Got The Fever

Thursday, November 27, 2008

Arlo Guthrie

There are swarms of bloggers straining to be original on this Thanksgiving day, using terabytes of internet resources, years of accumulated music collecting, all for the purpose of finding songs related to eating, shopping for food, being stuffed or songs with the word turkey in them. God bless them for the devotion, energy and free time.

Despite reading pages and pages of these sites, you would think that the most obvious choice would be out there duplicated time and again. However, I didn’t find even one site with the Arlo Guthrie standard! What?

Recorded in 1967, (and also known as "Alice's Restaurant Massacree") Arlo tells the true story of how he went to a friend’s deconsecrated church (restaurant for the song) and after a Thanksgiving dinner put out the trash. Not realizing that the dump was closed, he and a friend were arrested for littering. Brought up two days later in front of a judge that was blind, and unable to see the photographs that the arresting officer had laboriously marked with circles and arrows showing the littler, they were eventually given a small fine.

Forwarding a bit in time from there, his arrest for littering caught up with him in front of the draft board when they included him on a bench reserved for convicted criminals. Ironically, he famously asks:

"I'm sittin here on the Group W bench 'cause you want to know if I'm moral enough to join the army, burn women, kids, houses and villages after bein' a litterbug?"

I’m summerizing of course, but there’a a lot more of the history and lore of the song at the Wikipedia page for Alice’s Restaurant.

Nice side note is that the area where the song takes place is in absolutely beautiful Great Barrington, which is not too far from Old Sturbridge Village (rural colonial New England way of life tourist attraction).

Today, remember to be thankful for what you have been blessed with. Too many around you are secretly envious.
Alice’s Restaurant
From: Arlo Guthrie’s Alice’s Restaurant [1967]

Addendum: I’ve written again for WNEW. This time the Hidden Gems post is on Ellen Foley and Young Lust. Get over there and leave a comment!

Sunday, November 09, 2008

Joan Osborne

I’ve expounded time and again on this blog in one way or another, about how impressed and appreciative I am when an artist can melt down and recreate a song in such a way that makes me think of the reinterpretation as being creative and individualistic enough that I can now think of it as their own.

It’s not enough to simply speed it up, or give it a new middle eight, or mix the verses, or slow it down. On the other hand, it would be going too far when it’s made so completely different that it makes me squint my eyes, tilt my head and wonder why it’s so completely unrecognizable. It has to have new life breathed into it, evolve as new genesis, and become symbiotic art.

Joan Osborne is an artist who I respect not only for her ability to release quality output that has stayed beneath the radar while gathering a respectable and growing audience, but also for the choices she has made in the music world. She’s had the obligatory hit, One Of Us (1995), she’s recorded with the Funk Brothers, toured with the Dixie Chicks and for a brief tenure joined the Grateful Dead. During all this time, she has released music that one can willing sit down to and be pleased about.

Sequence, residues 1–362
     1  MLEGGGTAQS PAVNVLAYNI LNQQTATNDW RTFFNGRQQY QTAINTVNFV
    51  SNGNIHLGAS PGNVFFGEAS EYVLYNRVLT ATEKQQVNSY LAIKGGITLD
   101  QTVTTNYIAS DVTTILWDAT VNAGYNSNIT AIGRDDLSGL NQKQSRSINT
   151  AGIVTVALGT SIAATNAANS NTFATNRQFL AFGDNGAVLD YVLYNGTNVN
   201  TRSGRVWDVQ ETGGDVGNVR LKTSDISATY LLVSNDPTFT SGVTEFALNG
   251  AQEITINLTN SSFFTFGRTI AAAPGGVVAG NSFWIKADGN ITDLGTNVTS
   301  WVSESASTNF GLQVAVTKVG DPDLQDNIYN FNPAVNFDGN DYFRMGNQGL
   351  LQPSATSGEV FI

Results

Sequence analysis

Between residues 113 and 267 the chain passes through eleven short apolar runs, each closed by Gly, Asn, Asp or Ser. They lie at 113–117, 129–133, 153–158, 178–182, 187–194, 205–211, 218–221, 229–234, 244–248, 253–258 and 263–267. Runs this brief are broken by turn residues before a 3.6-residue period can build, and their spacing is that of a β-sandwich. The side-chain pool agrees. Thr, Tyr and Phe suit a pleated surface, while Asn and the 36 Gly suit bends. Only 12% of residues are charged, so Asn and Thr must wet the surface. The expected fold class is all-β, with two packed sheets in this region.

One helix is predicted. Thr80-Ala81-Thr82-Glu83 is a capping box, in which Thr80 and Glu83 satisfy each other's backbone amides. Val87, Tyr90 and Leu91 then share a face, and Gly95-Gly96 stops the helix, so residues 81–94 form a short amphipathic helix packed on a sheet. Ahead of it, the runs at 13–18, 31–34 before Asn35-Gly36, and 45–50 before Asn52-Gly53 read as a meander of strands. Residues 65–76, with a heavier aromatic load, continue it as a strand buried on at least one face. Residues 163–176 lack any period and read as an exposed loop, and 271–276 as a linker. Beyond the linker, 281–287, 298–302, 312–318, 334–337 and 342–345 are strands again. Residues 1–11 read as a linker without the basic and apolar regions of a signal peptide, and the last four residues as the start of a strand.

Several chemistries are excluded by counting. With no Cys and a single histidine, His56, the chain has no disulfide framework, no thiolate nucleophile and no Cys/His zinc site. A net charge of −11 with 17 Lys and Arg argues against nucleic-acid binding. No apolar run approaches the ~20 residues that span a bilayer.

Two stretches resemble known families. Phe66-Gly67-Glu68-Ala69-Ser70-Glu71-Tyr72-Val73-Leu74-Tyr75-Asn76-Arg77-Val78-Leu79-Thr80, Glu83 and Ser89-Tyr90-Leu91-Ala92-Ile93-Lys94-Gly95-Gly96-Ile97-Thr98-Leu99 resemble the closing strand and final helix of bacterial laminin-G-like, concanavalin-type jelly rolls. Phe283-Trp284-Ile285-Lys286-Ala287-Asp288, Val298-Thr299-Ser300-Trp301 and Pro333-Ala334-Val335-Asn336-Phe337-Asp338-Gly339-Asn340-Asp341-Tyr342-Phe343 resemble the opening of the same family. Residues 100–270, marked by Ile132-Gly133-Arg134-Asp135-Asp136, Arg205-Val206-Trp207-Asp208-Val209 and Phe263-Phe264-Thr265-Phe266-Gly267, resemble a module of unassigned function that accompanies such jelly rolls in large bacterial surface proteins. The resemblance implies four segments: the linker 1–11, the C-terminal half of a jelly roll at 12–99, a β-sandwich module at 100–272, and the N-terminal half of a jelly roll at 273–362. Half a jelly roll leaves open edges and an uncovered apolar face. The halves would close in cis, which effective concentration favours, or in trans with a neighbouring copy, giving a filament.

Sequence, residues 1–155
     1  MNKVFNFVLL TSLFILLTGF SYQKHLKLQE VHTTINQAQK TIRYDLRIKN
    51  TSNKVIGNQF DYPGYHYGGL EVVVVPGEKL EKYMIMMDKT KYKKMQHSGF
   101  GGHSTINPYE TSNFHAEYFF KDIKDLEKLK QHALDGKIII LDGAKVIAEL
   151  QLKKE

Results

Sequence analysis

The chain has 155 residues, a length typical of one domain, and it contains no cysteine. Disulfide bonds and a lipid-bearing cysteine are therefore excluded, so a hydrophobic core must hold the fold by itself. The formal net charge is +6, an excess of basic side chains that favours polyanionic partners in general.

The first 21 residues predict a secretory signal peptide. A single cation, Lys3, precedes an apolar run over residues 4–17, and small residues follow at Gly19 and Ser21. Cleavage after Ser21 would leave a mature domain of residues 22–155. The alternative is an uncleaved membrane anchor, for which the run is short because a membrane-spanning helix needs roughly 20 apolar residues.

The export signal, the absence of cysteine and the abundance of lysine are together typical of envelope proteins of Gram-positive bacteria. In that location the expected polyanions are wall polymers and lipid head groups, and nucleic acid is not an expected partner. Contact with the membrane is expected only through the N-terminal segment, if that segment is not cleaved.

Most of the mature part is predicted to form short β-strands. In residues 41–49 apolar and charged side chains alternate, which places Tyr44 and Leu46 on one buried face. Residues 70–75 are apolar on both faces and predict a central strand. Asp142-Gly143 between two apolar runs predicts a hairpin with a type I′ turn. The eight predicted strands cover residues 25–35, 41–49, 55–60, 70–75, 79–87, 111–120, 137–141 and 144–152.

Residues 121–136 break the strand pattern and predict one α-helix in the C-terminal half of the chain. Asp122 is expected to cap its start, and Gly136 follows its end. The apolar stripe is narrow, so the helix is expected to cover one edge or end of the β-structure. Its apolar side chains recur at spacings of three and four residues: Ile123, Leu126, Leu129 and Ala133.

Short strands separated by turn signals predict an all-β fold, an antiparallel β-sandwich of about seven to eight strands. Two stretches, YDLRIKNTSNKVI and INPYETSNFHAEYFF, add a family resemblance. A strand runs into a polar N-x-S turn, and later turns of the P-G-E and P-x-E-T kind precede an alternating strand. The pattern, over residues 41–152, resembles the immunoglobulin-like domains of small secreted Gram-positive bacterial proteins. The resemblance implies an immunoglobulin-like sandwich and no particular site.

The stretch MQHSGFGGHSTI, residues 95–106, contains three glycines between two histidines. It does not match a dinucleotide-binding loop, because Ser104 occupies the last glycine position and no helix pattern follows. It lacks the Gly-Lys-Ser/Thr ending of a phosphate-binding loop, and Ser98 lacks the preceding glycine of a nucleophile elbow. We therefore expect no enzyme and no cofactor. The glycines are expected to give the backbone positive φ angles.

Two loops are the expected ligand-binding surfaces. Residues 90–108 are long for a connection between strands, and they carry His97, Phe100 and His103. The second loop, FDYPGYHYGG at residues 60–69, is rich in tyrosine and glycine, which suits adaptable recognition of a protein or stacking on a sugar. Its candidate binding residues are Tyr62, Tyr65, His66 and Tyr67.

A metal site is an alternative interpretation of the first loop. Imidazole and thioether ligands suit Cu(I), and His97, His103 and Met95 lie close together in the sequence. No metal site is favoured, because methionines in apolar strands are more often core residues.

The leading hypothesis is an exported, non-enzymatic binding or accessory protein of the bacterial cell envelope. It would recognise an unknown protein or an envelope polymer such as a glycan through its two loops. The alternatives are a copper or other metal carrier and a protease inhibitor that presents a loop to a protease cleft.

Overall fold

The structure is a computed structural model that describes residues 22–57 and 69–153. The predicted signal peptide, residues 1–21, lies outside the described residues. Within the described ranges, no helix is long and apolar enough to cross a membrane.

In 2002 Joan achieved what I look and listen for when taking on the task of covering someone else’s material when she released How Sweet It Is in 2002, a potent mix of soul and rock.

What added to my piqued interest was Joan’s choice of artists to cover. No middleweight choices here, she took on the heavy and holy – artists that would intimidate or become a gelatinous mess of a cover in lesser hands. She took on no less than Jimi Hendrix, Edwin Starr, Delaney and Bonnie, Sly Stone and the Band among others.

Straight ahead disgust with restrained determination. The rhythm section marches in unison with resolved and focused grit right alongside Joan while the background vocals urge the sinner to “let your mind go”.

I’ll Be Around
It was a far reach for me to think that anyone could cover effectively one of my favorite tracks of all time – one I had felt was unapproachable and blasphemous to even ponder covering. However, Joan handily won me over with her downy sincere surrender of devotion that swaddles the rendering with a patina of charm and feminine grace.

Whenever I have the urge to listen to the above tracks, it’s always a difficult decision to choose from either the original or covered version. Both choices for either track are going to be the winner.

Joan Osborne: Think
Joan Osborne: I'll Be Around
From: How Sweet It Is [2002]

Addendum: How lucky we are to be able to choose from hundreds of downloads each day in this blogsphere of ours. Some days the choices are so plentiful that I find myself a whore, downloading everything I see, or with so many choices, I am sometimes stultified into apathy. That’s why it’s such a pleasure to find a well-written verse, or a beautifully written rumination of life every so often. Either can move me deeply, and more so because I am so unprepared for the beauty enveloped within the prose.

Two such blogs have recently written passages that continue to move me. I apologize for late recognition.

One, among many exemplary pieces by ib on his
SbLINGSHOT ON THE BLEACHERS, is titled ‘the library ticket’.

The other, again among many others, is by whiteray on
Echoes In The Wind titled ‘A Halloween Tale’.

Prodigious writers both and towering examples of passages weaving tales that are worth reading.

Addendum 2: I continue to contribute to the great WNEW blog. My last week contribution was on the Association and Requiem For The Masses. Write a comment if you feel moved when I contribute.